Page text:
New York Times: For Younger Mothers, Out-of-Wedlock Births Are the New Normal
As of 2009, more than half of all children born to women under 30 were born to unmarried women.
Unmarried mothers, in some areas, have become the norm, no longer stigmatized by society. Regular readers of this blog will know that while births among teenagers are down in recent years, the majority of commenters here, at least, would support, not shun, a teenager of their acquaintance with a baby. That tolerance clearly extends to all unmarried mothers. Many of us pride ourselves on the modernity of this relatively new way of thinking — who would insist that only a family mirroring some 50’s-sitcom image of “nuclear” can raise a happy, healthy child?
But is our pride misplaced? Fifty-three percent of all children born to women under 30 is an awful lot of children born outside of what’s been considered, for more than a handful of years, the most stable family structure. ...
... Overwhelmingly, the more educated you are, the more likely you are to marry before having children. Bearing children outside of wedlock is a trend that’s most strongly affecting young adults who are already at an economic disadvantage, and that means that its impact is deeply tangled within a host of other problems, from the decline in blue-collar jobs to the difficulty of finding affordable child care. ...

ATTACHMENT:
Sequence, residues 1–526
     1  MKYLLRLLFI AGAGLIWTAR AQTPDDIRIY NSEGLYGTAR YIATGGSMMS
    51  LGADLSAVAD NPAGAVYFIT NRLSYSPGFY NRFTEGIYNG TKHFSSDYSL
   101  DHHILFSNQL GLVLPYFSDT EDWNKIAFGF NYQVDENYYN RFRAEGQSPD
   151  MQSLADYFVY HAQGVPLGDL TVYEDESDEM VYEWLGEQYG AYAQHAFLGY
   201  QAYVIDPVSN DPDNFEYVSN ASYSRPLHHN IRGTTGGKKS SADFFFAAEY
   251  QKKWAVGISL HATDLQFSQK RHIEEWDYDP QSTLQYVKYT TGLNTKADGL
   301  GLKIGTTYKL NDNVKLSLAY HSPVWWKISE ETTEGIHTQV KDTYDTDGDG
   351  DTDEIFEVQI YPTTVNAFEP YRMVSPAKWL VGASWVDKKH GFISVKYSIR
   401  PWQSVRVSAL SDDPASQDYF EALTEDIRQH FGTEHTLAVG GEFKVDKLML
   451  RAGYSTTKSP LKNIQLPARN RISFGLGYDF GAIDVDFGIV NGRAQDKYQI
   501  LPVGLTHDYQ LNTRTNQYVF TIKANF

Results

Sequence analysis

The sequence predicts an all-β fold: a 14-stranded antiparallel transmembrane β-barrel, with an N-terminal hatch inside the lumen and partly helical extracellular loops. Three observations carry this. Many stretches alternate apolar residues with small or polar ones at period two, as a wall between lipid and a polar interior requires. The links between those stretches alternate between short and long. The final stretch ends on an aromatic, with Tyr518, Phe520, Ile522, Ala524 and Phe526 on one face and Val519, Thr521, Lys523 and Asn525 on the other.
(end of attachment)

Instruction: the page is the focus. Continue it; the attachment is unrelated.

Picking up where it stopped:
There is a lot of talk today about income inequality today. It is worth noting that the poverty rate for two parent families, families headed by a father only, and families headed by a mother only have all declined significantly in recent years. Yet the overall rate of poverty, and especially poverty for children has gone up. How is that possible?
The poverty rate for a two-parent household is very low, something around 4.5%. That is down from 6.5% three decades ago. The poverty rate for female headed households has declined from the mid-30% range to about 30%. What has changed is that the share of households that are female headed has grown by a third. And as the article indicates, this trend is most pronounced among those who are at the bottom end of the economic ladder, further depressing the chances of children raised in this environment from achieving any economic mobility.
The devolution of family is almost certainly on of the major contributors to rising income inequality and decreasing economic moblity.